DNA Metabarcoding

Identifying the species in a region or habitat is essential to biodiversity research. Traditionally, these surveys are carried out by direct observation, e.g. birds are observed using binoculars, fish using net or electro-fishing, or beetles using pitfall traps. The identification of species requires comprehensive taxonomic expertise. However, this task has been made much easier in recent years by the advent of DNA metabarcoding, which allows entire biological communities to be identified from mixed samples (e.g. malaise traps, pitfall traps) or environmental samples (e.g. water, sediment, air) based on environmental DNA (eDNA). Similarly to forensics, DNA molecules are used to assign the identity of species.

DNA is either obtained from a mixed sample, e.g. by homogenizing the organisms, or extracted directly from an environmental sample, e.g. by filtration of water (Fig. 1). Once the DNA has been extracted, a polymerase chain reaction (PCR) is carried out in which a characteristic marker gene (DNA barcode) is amplified. DNA probes, so-called primers, are used for amplification of the DNA barcode of all target organisms in the sample. The resulting DNA fragments, also called amplicons, are read out on a high-throughput sequencer. As a rule, many thousands to millions of sequences are generated for each sample in order to record the species composition as completely as possible.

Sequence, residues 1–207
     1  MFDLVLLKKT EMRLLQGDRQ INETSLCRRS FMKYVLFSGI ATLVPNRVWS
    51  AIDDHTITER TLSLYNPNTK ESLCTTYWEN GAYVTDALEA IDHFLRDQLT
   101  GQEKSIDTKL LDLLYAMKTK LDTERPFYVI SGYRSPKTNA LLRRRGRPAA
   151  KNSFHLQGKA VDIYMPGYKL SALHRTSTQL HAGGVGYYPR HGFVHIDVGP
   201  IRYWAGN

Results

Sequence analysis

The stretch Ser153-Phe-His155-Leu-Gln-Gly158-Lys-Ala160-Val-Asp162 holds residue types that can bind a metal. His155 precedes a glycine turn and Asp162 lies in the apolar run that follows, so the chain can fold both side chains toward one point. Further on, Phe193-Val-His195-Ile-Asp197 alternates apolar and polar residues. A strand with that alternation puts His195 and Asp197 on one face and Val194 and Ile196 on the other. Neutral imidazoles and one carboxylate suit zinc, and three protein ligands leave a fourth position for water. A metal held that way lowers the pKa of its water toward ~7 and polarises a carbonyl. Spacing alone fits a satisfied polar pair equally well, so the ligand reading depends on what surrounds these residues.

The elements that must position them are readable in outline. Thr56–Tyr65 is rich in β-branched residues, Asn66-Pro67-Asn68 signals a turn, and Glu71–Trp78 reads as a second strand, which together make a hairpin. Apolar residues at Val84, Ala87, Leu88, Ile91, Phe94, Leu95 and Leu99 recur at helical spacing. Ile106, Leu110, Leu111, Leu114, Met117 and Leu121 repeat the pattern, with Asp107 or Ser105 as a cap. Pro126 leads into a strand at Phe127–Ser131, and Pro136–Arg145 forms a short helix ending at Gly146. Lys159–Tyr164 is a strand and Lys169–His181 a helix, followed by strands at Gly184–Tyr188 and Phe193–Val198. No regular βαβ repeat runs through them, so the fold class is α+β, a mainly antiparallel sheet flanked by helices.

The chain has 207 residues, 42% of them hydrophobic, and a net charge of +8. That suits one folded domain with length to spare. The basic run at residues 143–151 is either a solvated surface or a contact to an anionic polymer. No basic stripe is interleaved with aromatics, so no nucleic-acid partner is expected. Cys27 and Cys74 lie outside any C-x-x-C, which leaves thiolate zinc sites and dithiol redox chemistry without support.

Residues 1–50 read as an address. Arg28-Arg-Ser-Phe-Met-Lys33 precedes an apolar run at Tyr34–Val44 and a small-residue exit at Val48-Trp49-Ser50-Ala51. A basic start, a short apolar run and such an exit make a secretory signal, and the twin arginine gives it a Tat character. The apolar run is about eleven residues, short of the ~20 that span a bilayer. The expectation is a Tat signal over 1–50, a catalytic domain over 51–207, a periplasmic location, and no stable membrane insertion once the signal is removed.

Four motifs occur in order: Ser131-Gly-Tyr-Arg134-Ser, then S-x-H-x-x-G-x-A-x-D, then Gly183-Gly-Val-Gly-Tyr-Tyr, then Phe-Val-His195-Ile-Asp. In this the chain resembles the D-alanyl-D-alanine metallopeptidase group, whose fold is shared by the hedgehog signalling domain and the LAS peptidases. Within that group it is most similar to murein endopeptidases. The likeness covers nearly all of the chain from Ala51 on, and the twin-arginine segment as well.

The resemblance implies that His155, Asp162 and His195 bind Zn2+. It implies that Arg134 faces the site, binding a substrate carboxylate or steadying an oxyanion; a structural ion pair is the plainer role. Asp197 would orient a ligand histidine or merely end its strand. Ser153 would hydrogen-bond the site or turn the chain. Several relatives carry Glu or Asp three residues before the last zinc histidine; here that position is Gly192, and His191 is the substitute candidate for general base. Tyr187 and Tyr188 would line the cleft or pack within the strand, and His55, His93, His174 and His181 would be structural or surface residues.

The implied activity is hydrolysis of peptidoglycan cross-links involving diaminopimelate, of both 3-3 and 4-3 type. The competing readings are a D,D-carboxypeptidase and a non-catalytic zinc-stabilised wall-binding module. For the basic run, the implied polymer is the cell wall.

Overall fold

Fig. 1: Schematic of metabarcoding analysis of a water sample containing environmental DNA of fish. Source: GeDNA project, Till-Henrik Macher.

Once the sequences are available, the next step is bioinformatic analysis (Fig. 2). After a technical check, the sequences are assigned to their respective samples based on unique identifiers (“indices”). The sequences read from the forward and reverse directions are combined (paired-end merging), superfluous and low-quality areas are removed, and then the sequences are grouped according to similarity (OTU clustering). The resultant sequence list is then compared against a barcode reference database (e.g. BOLD) to assign taxonomic names, after which analyses can be carried out with the final list.

Fig. 2: Workflow of the bioinformatic component of metabarcoding analysis.

It is important to note that there are different possible approaches at each step of the analysis. In particular, the choice of primers and bioinformatic methods can have a major influence on the results, and therefore requires careful attention.